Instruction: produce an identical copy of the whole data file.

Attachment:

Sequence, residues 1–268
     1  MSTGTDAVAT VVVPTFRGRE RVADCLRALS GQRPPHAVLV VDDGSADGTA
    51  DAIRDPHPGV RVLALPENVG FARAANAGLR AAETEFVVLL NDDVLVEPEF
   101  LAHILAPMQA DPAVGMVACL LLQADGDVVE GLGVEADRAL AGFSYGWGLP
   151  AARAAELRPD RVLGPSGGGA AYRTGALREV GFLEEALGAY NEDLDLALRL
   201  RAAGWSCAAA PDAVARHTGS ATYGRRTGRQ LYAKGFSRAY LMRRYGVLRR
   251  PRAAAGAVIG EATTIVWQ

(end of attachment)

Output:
Sequence, residues 1–268
     1  MSTGTDAVAT VVVPTFRGRE RVADCLRALS GQRPPHAVLV VDDGSADGTA
    51  DAIRDPHPGV RVLALPENVG FARAANAGLR AAETEFVVLL NDDVLVEPEF
   101  LAHILAPMQA DPAVGMVACL LLQADGDVVE GLGVEADRAL AGFSYGWGLP
   151  AARAAELRPD RVLGPSGGGA AYRTGALREV GFLEEALGAY NEDLDLALRL
   201  RAAGWSCAAA PDAVARHTGS ATYGRRTGRQ LYAKGFSRAY LMRRYGVLRR
   251  PRAAAGAVIG EATTIVWQ